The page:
One of the measures Trump signed on Saturday aims to provide $400 in weekly unemployment aid for millions of Americans. Trump said 25 percent of this money would be paid by states, many of which are already dealing with major budget shortfalls. The federal contribution would be redirected from disaster relief money at the Federal Emergency Management Agency. Those funds are not likely to last more than two months, and Trump would not say when the benefits would kick in.
Another document signed by Trump on Saturday attempts to defer payroll tax payments from September through December for people who earn less than $100,000. The impact of this measure could depend on whether companies decide to comply, as they could be responsible for withdrawing large amounts of money from their employees’ paychecks in a few months when the taxes are due.
The president said that if he wins reelection, he would seek to extend the deferral and somehow “terminate” the taxes that are owed. He also dared presumptive Democratic presidential nominee Joe Biden to try to recoup those tax dollars if elected in November. The payroll tax funds Social Security and Medicare benefits, and it’s unclear where those programs will get funding if the taxes are deferred.
Two of the other executive actions are related to eviction protections and student loan relief. The plan related to housing only makes suggestions to federal agencies but does not halt evictions nationally. The measure on student loans aims to extend the relief granted by Congress in March through the end of the year.
Trump lashed out at mega-donor Sheldon Adelson [for not contributing more to his reelection campaign] in a recent phone call, prompting panicked Republican Party officials to try and deescalate the situation
Former Vice President Joe Biden on Saturday called President Trump’s executive order to cut payroll taxes “a reckless war on Social Security.”
One of the several orders Trump signed from his private club in Bedminster, N.J., Saturday afternoon directs the Treasury Department to allow employers to defer payment of employee-side Social Security payroll taxes through the end of the year for Americans making less than roughly $100,000 annually.
Trump also said that he intends to forgive the deferred payroll taxes and make permanent payroll tax cuts if he is reelected in November.
In an emailed statement addressing the president’s order, Biden said that such a move would “undermine the entire financial footing of Social Security.”
The presumptive Democratic nominee said that unlike the 2012 payroll tax plan put forth by the Obama administration, Trump’s executive order does not appear to include “protections or guarantees that the Social Security Trust Fund will be made whole.”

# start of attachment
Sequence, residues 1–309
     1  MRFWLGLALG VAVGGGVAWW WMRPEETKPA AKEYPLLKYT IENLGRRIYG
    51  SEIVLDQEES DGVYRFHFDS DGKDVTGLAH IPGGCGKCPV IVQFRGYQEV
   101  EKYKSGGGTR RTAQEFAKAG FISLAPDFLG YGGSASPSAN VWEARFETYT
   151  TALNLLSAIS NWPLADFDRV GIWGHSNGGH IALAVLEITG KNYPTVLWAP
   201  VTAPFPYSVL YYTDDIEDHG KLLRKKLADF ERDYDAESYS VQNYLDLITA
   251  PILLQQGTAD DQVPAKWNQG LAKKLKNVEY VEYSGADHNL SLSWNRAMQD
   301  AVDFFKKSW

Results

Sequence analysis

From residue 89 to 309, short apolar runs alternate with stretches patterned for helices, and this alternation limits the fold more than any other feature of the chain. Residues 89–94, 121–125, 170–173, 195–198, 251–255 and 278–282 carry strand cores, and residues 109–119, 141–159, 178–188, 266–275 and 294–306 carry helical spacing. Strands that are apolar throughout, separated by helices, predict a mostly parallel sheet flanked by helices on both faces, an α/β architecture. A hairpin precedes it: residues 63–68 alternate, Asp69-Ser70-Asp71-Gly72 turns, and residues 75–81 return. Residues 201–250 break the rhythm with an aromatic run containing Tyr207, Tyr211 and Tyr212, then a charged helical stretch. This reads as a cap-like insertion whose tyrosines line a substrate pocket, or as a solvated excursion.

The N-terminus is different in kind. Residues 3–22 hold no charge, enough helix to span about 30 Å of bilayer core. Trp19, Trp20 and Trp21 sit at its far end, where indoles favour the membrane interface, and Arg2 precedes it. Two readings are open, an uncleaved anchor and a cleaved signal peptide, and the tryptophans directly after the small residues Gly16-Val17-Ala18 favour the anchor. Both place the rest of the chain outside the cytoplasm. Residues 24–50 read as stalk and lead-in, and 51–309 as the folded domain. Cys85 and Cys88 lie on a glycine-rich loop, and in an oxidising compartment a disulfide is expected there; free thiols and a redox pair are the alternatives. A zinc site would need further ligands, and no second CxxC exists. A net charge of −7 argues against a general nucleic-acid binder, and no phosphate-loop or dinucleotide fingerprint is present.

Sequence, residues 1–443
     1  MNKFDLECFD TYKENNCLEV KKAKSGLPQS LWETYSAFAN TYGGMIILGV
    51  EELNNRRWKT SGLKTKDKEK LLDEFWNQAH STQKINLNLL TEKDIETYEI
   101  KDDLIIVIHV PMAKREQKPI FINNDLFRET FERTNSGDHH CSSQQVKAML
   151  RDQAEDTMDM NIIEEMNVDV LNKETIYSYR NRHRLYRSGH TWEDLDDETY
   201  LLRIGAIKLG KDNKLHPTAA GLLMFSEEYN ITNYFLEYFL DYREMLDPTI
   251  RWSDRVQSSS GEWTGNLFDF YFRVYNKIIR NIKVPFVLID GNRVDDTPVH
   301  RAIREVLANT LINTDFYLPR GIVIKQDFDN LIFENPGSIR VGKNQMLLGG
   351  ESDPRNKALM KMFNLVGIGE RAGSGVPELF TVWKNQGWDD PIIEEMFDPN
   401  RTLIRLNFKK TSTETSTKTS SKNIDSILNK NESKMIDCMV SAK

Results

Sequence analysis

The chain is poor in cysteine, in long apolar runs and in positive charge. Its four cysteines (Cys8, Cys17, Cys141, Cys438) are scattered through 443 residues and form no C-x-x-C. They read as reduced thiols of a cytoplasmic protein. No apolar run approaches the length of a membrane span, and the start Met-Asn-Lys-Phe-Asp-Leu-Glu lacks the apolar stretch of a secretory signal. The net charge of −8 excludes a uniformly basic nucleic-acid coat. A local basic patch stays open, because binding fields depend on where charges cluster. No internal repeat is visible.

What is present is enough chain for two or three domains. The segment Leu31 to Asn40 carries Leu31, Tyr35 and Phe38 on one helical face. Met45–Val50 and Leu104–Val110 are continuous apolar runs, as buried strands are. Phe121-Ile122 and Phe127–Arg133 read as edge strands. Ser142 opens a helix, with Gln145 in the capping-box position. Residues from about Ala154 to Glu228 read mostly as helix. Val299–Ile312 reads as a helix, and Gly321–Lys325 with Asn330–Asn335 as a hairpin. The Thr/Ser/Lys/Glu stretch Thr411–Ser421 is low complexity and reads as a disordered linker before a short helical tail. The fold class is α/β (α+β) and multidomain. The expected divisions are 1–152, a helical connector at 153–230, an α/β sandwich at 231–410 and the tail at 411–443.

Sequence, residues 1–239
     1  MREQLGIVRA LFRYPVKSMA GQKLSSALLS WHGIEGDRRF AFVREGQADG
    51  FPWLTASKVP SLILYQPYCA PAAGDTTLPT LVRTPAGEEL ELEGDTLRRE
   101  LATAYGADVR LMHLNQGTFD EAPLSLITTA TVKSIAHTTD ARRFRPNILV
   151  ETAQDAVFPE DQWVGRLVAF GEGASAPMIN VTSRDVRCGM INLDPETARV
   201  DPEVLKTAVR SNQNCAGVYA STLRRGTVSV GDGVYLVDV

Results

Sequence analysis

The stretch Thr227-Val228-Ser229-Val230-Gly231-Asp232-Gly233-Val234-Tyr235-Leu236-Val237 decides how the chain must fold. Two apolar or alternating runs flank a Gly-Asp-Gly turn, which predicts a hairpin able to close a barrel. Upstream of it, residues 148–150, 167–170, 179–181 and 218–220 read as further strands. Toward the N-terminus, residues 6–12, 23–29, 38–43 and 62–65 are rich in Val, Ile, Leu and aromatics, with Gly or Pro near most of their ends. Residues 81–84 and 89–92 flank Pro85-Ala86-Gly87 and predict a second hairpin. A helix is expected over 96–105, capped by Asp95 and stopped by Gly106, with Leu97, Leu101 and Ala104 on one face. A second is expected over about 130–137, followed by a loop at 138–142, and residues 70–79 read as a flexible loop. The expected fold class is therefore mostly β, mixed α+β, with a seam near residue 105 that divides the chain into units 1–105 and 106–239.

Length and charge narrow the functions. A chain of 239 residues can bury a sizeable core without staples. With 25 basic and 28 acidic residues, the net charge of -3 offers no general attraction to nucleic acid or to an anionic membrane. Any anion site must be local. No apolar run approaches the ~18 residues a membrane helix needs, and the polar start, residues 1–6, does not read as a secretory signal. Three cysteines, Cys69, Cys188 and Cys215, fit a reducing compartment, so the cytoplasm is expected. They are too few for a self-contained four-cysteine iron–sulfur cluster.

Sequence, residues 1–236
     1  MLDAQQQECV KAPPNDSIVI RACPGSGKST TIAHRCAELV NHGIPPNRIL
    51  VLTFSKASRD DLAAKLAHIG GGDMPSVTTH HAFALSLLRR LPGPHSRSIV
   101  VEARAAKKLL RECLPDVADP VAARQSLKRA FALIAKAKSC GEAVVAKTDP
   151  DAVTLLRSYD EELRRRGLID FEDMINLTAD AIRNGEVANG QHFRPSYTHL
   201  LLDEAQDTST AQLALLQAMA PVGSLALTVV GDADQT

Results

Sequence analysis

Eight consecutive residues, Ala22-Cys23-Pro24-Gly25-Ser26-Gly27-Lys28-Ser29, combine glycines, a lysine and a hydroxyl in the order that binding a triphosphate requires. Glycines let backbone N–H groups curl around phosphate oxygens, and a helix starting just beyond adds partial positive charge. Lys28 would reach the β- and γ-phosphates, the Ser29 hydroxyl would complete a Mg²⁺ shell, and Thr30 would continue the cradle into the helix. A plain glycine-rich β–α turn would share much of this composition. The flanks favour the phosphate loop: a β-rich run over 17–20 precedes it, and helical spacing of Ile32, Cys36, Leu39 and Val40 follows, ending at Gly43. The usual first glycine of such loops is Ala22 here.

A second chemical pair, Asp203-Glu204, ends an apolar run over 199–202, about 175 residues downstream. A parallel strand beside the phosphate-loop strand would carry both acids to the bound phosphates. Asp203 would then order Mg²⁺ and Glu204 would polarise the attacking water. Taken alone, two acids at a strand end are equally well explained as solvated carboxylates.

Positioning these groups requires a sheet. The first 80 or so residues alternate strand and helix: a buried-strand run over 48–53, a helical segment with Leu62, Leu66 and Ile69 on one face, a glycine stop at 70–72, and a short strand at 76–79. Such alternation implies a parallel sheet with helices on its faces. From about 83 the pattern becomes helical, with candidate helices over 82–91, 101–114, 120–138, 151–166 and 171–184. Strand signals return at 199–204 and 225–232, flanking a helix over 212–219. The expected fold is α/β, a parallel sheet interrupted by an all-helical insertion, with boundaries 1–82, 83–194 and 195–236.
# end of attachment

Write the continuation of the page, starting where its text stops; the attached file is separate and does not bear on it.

“He is laying out his roadmap to cutting Social Security,” Biden said. “Our seniors and millions of Americans with disabilities are under enough stress without Trump putting their hard-earned Social Security benefits in doubt.”
The executive actions President Trump took on Saturday were pitched as a unilateral jolt for an ailing economy. But there is only one group of workers that seems guaranteed to benefit from them, at least right away: lawyers.
Mr. Trump’s measures include an eviction moratorium, a new benefit to supplement unemployment assistance for workers and a temporary delay in payroll tax liability for low- and middle-income workers. They could give renters a break and ease payments for some student loan borrowers. But they are likely to do little to deliver cash any time soon to Americans hit hard by the recession.
Even conservative groups have warned that suspending payroll tax collections is unlikely to translate into more money for workers. An executive action seeking to essentially create a new unemployment benefit out of thin air will almost certainly be challenged in court. And as Mr. Trump’s own aides concede, the orders will not provide any aid to small businesses, state and local governments or low- and middle-income workers.
If the actions signal the death of a congressional deal to provide that aid, economists warn, the economy will limp toward November without the fiscal support that hastened its recovery after its quick dive into a pandemic-induced recession.